Before Donald Trump was even in office, his archive had already begun to disappear, although perhaps not in the way he might have imagined. On January 11, eight days before Trump’s inauguration, the artist Richard Prince denounced his Instagram portrait of incoming First Daughter Ivanka Trump. Posting a screen capture of an Ivanka Instagram selfie with a comment from his own Instagram account, Prince wrote of the image on Twitter, “This is not my work. I did not make it. I deny. I denounce. This fake art.”
Prince’s action—one of denial, denunciation, refusal, cancellation—at once both undoes and tightens a complex knot of authorship, appropriation, ownership, and the politics of aesthetic labor, issues that have long occupied his work and the critical conversation surrounding it. Since his 2014 show New Portraits, Prince has been producing works based on appropriation of social media content: he comments on selected Instagram posts, many but not all of which are selfies or other portraits of young women, screenshots these posts, and emails them to an assistant to be printed as approximately six-by-four-foot portrait-oriented images. Before Donald Trump declared his candidacy for President, Prince produced such an image for Ivanka Trump, which he sold to her for $36,000 in November 2014, as he subsequently tweeted. The image consists of a mirror selfie taken by a robe-clad Ivanka in a hair-and-wardrobe session; below her caption “#Selfie on set! Big shoot today!,” Prince comments “Nurse Trump,” an allusion to his pulp-inspired Nurse Paintings, followed by smiley face, lipstick, and pink bow emoji. Ivanka herself posed with the finished image on Instagram, further intensifying a hall-of-mirrors effect in which identity management, ephemeral stardom, vernacular technology, and high art intermingle and recursively cannibalize one another.
What does it mean, then, to disavow such an image? Prince’s tweets seem not only to reject this object, to disown it, but to cancel it altogether, to undo its already carefully hedged trappings of authorship and authenticity: “SheNowOwnsAfake,” he writes of his now-former patron. In this sense, beyond being a political critique by way of refusal—identification with #resist, as it were—Prince’s action stands in a long line of charged artwork that hinges on erasure (think here of Robert Rauschenberg’s 1953 Erased de Kooning Drawing), or perhaps more pointedly on self-erasure (think here of John Baldessari’s 1970 Cremation Project, in which he incinerated paintings he had made from 1953-1966). Understood in the context of these predecessors, Prince’s politically engaged use of erasure from the digital archive seems an attempt to beat the Trump administration to the punch, not just through ethical denunciation of their platform, but also through the very acts of deletion that would quickly come to characterize Trump’s early days in office: before the new administration had the authority to delete mentions of global warming from government websites, or discussion of sexual orientation and gender identity from the upcoming census, Prince was deleting the Trump family from the public archive of his work, along with himself as artist.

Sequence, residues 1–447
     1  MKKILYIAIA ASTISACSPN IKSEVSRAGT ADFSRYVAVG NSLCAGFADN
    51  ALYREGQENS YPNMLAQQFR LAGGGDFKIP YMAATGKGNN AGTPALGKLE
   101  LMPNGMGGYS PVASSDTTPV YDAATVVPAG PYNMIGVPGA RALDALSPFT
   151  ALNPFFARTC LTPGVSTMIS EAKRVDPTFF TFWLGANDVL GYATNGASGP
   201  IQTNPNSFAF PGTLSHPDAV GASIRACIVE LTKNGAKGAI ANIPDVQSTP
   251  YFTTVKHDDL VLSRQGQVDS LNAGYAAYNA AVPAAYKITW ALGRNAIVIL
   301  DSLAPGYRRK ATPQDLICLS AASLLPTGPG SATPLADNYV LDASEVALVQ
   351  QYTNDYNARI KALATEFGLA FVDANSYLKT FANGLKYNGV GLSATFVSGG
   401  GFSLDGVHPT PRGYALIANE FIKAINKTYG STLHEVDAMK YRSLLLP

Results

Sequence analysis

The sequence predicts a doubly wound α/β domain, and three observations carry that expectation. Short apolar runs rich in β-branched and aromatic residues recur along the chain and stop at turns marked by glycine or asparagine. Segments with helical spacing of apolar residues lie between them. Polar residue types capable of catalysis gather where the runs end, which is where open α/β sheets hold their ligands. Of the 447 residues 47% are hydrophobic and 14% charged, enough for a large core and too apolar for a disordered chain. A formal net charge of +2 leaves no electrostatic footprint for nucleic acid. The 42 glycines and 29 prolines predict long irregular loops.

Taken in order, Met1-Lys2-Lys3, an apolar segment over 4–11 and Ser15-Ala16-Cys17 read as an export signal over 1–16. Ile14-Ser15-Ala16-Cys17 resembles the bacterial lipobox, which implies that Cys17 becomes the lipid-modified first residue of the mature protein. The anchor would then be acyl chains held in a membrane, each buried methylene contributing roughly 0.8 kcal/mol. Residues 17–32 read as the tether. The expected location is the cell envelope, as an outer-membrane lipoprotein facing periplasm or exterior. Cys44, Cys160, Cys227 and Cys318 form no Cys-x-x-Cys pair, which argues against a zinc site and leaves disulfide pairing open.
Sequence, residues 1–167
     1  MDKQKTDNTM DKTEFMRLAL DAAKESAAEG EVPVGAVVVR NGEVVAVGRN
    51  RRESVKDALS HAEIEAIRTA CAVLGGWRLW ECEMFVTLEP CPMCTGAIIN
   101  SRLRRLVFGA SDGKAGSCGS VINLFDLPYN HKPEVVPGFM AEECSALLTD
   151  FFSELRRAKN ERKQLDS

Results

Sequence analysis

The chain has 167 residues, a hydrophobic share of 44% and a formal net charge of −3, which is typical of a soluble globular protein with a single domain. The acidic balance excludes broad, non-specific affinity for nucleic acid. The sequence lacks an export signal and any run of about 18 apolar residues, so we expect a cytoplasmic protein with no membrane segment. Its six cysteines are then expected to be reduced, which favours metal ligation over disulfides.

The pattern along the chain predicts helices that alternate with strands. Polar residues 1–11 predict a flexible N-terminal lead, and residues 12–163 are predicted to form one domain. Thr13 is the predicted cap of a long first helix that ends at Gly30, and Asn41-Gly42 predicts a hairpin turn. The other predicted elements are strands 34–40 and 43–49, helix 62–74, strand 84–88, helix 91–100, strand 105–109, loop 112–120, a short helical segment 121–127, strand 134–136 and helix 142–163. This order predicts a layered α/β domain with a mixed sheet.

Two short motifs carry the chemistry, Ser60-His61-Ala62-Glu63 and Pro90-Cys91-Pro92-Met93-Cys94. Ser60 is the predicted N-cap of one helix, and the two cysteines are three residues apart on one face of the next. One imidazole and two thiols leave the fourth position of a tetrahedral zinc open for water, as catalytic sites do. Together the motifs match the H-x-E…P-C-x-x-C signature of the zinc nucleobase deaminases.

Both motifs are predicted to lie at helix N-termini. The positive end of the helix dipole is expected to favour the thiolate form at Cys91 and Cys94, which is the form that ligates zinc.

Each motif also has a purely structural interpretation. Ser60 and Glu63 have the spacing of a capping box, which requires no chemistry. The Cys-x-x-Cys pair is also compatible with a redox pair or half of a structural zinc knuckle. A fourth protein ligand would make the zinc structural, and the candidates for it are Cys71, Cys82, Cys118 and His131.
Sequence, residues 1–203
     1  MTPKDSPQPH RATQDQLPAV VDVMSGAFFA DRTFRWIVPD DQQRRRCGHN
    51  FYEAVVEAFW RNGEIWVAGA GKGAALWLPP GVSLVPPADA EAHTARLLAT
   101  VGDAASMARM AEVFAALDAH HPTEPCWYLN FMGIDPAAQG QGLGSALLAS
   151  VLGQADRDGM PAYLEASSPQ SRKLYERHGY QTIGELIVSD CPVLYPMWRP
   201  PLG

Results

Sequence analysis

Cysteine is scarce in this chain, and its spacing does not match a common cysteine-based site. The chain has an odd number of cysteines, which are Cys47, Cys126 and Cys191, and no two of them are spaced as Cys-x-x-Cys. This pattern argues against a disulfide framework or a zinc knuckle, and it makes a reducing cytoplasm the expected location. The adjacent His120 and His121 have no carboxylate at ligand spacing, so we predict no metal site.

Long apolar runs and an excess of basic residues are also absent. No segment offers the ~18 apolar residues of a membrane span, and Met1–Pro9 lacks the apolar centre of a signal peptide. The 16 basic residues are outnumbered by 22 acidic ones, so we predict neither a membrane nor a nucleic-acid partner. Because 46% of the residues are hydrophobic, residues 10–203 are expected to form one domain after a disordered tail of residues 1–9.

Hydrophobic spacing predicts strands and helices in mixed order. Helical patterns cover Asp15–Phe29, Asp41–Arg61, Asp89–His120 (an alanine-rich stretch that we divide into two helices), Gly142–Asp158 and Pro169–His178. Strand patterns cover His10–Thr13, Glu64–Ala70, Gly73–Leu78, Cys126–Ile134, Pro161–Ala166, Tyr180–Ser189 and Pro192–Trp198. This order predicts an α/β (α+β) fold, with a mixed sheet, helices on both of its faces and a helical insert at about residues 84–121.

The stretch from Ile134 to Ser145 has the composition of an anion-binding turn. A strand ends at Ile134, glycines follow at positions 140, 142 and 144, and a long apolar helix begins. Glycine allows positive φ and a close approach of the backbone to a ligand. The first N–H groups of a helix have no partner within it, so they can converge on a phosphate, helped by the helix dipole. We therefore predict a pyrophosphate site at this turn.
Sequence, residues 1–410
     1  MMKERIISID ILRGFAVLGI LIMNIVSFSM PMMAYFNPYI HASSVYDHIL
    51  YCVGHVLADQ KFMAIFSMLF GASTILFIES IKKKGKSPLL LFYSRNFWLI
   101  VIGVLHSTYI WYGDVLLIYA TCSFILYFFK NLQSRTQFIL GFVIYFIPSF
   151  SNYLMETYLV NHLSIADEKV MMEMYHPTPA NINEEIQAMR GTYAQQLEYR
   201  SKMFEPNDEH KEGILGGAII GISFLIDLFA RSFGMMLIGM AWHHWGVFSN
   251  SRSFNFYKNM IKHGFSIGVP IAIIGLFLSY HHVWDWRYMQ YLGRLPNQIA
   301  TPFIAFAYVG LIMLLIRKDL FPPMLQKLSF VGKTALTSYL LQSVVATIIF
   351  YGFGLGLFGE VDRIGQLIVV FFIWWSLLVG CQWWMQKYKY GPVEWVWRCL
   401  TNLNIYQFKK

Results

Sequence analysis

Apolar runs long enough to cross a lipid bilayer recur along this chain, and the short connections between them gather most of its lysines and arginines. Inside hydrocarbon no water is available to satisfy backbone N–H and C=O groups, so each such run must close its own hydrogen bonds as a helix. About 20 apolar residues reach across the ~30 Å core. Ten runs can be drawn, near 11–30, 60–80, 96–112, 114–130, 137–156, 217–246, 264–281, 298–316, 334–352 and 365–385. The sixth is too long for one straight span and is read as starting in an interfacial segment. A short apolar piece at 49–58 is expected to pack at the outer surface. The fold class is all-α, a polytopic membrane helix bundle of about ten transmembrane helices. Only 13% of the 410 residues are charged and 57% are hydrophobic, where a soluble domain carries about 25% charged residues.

And yet such an action is crucially different from either Rauschenberg’s or Baldessari’s for two reasons, the first of which is Prince’s longstanding use of appropriation and authorial play. After all, there’s something deeply self-aware and tongue-in-cheek about his haltingly punctuated initial comment—“This is not my work. I did not make it. I deny. I denounce. This fake art”—and if we take his words here at face value, we have to acknowledge that many of the claims he makes there could be made about this work (and perhaps his career as a whole) before this denunciation. I don’t mean to suggest here that Prince is not an artist, or that he is not the artist of this work, or that Prince’s work here or elsewhere is not art—indeed, quite the opposite: as Sarah’s post earlier in this series makes clear, in an archival culture in which every image seems up for grabs, urgently in play in aesthetic, authorial, and political terms, the work of appropriation (and erasure along with it) is uniquely able to provide a necessary engagement with the questions of the moment.
Given the archival urgency of this current moment, perhaps Prince, ever in provocateur mode, is being playful about the disavowal of the image itself as well. There’s a kind of deliberate Streisand effect at work in his action, in which the more he rejects and cancels the image, the more he claims it, foregrounds it, and pushes it further into circulation as a tool of critique and resistance. By removing Ivanka Trump from his oeuvre, he simultaneously centralizes her within it, marking her, like so many of his other subjects, as a blank pop icon whose power and mythos rely upon inequity and illusion. The image hanging on Ivanka Trump’s wall both is and is not the selfie she posted on Instagram; while Prince might disavow his finished product, its digital counterpart circulates widely and publicly out of his (or her) control, in part because of this disavowal rather than in spite of it. In a charged political moment in which power hinges, as ever, on access to the archive, Prince’s cancellation of his own work draws our attention to the multiple, complex ways in which deletion, persistence, and resistance both rely upon and support one another.